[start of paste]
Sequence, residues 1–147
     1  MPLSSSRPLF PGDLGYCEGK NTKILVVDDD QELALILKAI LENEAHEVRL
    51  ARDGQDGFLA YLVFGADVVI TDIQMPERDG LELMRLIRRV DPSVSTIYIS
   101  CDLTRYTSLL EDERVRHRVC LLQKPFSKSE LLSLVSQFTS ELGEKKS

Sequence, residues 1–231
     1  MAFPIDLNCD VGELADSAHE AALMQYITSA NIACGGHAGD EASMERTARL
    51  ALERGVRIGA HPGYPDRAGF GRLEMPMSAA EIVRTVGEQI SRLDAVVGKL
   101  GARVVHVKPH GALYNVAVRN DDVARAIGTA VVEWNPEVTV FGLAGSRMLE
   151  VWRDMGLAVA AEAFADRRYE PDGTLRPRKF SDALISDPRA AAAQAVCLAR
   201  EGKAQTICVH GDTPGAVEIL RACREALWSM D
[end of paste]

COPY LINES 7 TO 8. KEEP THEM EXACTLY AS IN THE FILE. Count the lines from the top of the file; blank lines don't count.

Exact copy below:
    51  ALERGVRIGA HPGYPDRAGF GRLEMPMSAA EIVRTVGEQI SRLDAVVGKL
   101  GARVVHVKPH GALYNVAVRN DDVARAIGTA VVEWNPEVTV FGLAGSRMLE